The garden project: The Patch Primary School
Historically home to the Wurundjeri people, the Dandenong Ranges are a set of low mountains covered in thick temperate rainforest in the outer suburbs 40km south east of Melbourne. The Patch hamlet is one of many small mountain townships in the ranges that support an alternative sociocultural demographic and is nestled between productive farmland and towering mountain ash forests. With a population of approximately 350 students The Patch School is highly regarded for its emphasis on progressive teaching and learning practices that promote critical and independent thinking. For the past two decades the school has built a strong reputation for its environmental education curriculum and its inclusion of disciplines such as philosophy, ecology and conservation that are taught across all ages and grades. Geographically the school is situated on a sloping 4.8 hectare property and is surrounded by tall eucalypts and long-standing deciduous oak and maple trees. The school grounds are home to a number of significant ecological sites including a forested creek, wetland and more recently an extensive edible and ornamental garden, frog pond, poultry sheds and ecological classroom, all of which are utilised as teaching and learning sites in the current environmental education programme. The school's commitment to values of respect and fairness are an embedded dimension of the school's overall philosophy as articulated by the school principal.
I think respect is probably the most important thing that you can bring to the school. I've been very keen right from day one to say at The Patch School we respect and love each other and that's how you treat everybody. So there's never any question. You treat people how you like to be treated yourself and my job is just to have faith in people to see that they can do things.
I made contact with the school during a 10-week gardening course for primary and secondary teachers at the University of Melbourne in 2007. The inaugural garden programme had been established in response to the increasing number of teachers responsible for developing school garden programmes, with the intention of equipping them with basic gardening knowledge and skills. During the course I met the art teacher Sonia from The Patch School who suggested I visit the school to observe the early stages of a garden project initiated by the school's environmental teacher Michelle Rayner. In an attempt to broaden the school's environmental and sustainability curriculum, Michelle was leading environmental education curriculum renewal that included the construction of a new ecological classroom and extensive food/ornamental gardens in an unused section of the school ground. Embedded within the garden project brief was a proposed curriculum framework that would enable children to design, build and inhabit the new garden as part of their weekly environmental and gardening education studies. After receiving initial approval from the principal, a working group including the environmental education teacher, principal and other school representatives, parents and members from the broader community was established to guide the project's strategic direction.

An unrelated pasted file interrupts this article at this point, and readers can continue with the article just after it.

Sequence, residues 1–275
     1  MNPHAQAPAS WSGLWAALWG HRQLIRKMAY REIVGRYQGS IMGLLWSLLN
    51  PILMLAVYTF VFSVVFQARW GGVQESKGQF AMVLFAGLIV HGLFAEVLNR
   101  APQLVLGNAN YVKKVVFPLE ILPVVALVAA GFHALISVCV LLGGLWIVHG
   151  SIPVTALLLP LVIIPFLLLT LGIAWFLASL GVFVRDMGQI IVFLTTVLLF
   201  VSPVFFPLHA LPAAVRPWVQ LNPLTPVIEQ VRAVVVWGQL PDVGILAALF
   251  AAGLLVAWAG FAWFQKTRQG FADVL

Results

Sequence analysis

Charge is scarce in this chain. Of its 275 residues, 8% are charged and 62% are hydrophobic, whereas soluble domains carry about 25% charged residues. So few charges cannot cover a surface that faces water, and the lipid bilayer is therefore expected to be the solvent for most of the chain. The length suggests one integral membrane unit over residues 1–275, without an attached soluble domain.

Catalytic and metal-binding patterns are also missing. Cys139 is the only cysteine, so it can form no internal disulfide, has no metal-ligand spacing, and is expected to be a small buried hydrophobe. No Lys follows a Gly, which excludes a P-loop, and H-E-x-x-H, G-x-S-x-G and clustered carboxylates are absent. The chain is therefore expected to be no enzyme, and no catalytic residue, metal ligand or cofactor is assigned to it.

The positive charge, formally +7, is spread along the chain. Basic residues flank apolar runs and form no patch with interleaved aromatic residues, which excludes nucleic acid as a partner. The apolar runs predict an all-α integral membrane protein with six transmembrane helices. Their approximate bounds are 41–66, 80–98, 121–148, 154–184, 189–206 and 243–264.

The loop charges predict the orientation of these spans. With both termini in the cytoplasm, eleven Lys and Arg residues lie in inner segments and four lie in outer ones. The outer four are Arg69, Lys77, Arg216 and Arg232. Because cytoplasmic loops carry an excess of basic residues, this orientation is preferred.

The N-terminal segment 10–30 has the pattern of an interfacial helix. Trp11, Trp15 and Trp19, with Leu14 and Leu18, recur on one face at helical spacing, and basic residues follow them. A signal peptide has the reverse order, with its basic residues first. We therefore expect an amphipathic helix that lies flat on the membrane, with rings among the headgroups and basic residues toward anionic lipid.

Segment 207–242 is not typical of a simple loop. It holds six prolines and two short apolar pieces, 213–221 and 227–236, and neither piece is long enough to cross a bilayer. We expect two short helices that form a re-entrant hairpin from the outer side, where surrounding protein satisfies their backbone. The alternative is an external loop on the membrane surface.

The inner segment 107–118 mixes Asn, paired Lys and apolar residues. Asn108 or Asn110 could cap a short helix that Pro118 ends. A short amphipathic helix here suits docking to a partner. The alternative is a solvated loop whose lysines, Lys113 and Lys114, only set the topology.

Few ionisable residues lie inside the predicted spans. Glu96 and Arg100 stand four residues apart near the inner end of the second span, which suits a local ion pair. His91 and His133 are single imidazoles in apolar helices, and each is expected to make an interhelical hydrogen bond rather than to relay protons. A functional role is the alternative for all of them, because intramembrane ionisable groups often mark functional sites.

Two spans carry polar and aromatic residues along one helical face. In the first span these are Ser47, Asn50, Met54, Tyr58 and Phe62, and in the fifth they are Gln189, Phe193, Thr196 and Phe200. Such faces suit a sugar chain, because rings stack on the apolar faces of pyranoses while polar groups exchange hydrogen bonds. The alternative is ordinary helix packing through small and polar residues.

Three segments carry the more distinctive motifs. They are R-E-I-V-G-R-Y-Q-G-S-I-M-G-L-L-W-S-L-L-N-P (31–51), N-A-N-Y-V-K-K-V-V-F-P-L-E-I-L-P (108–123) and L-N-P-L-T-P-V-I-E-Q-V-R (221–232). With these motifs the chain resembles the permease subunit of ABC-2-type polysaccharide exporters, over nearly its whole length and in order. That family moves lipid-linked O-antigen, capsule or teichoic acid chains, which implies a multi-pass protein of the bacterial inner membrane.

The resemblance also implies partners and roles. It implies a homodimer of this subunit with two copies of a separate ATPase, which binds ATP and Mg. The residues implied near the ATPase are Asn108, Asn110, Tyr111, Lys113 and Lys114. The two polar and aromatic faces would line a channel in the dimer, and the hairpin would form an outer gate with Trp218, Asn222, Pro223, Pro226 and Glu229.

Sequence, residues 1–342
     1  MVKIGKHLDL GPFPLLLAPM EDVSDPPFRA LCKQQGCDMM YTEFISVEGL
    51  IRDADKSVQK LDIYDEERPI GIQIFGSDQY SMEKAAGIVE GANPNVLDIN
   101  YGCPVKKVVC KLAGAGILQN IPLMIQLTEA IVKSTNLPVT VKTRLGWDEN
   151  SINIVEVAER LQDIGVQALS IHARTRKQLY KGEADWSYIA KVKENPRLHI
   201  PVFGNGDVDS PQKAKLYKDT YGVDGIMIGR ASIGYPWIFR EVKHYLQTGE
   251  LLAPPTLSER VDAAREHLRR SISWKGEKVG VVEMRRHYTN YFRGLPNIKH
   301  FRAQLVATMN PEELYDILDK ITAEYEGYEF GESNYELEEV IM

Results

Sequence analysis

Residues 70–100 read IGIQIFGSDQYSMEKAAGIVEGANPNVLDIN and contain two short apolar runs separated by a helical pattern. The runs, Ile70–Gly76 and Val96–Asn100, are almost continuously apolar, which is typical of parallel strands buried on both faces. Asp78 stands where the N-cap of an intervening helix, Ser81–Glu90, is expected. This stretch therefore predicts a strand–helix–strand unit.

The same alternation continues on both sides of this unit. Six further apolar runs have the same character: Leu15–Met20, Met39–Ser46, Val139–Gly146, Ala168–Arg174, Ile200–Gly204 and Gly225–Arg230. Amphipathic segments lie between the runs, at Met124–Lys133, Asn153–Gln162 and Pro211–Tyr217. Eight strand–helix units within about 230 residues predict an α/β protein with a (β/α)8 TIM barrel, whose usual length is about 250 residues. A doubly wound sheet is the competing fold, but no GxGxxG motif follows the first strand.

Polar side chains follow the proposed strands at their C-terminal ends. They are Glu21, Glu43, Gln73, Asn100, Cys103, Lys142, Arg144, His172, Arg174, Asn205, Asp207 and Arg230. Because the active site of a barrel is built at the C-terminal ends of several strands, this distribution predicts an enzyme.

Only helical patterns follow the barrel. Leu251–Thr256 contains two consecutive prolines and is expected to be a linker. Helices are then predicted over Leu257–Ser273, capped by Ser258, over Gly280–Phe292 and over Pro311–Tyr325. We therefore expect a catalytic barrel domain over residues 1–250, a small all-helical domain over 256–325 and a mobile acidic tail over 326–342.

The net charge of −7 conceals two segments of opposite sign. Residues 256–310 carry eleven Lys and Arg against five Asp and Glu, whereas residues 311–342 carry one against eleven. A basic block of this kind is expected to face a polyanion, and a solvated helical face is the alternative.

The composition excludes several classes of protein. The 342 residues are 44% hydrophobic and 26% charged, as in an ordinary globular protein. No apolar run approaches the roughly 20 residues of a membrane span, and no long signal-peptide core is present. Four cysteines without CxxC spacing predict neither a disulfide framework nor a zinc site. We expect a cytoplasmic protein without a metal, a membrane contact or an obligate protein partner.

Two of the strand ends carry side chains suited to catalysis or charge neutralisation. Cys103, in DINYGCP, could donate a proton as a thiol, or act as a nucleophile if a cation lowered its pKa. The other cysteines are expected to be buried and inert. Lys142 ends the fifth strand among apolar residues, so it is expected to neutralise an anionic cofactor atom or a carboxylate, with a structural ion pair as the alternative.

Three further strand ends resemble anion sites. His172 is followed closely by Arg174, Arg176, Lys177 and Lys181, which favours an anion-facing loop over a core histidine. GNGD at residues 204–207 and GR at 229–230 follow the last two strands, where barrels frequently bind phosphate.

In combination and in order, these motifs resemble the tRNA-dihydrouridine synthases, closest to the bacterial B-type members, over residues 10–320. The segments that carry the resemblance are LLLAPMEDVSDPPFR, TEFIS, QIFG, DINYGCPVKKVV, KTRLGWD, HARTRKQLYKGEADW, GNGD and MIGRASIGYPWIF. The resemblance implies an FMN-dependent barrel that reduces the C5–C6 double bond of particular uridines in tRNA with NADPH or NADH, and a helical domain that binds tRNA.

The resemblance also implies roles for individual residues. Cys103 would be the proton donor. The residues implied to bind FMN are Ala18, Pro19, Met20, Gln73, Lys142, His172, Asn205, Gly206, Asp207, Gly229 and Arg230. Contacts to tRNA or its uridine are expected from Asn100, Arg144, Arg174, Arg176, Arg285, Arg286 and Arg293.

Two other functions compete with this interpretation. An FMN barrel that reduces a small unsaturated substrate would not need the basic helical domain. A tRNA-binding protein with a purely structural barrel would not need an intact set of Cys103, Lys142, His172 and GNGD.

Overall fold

Although the garden project would share several overarching principles, one of the key objectives was to maintain proper and inclusive consultation with all stakeholders, including students, teachers and the wider community through collaborative and review processes. Cognisant of 'how gardening projects of this nature often fail' the principal recognised the importance of 'unhurried and inclusive' approaches that honoured the slow evolution of the project through children's ongoing and authentic participation. In comparison to other garden projects that are often developed by adults on behalf of children through rushed decision making and adult agendas, this project placed emphasis on taking time at every stage of development:
I think [many gardening projects] seek a finished product too quickly and that everything you need to do to make a garden project work involves a real lot of learning for the kids too. You can't just give children a plain sheet of paper and say 'plan a garden' because that's unrealistic. So everything about surveying the land and all that stuff, we used. There was learning for the children right through the process. Very much more for process than product. You need to focus on the process very strongly. A lot of our philosophy is about getting children to work together and about relationships because that's what we need for later in life, cooperation, and that's what this program is, working in groups, working as a little team with someone you don't necessarily know, thinking and being considerate, having responsibility.
(Principal, The Patch School)
These early iterations of the gardening project including its underlying philosophies illustrate the potential effectiveness of having a leadership team and principal involved in its inception and evolution. By incorporating themes of food, natural sciences, sustainability and horticulture in conjunction with key questions that shaped the inquiry: 'what will learning look and feel like in the new garden', 'what is here and what is possible here' (Sobel, 1998), students began an 18-month process of garden-based research and investigation that focused on collecting and collating new information to inform the design and construction of the new garden.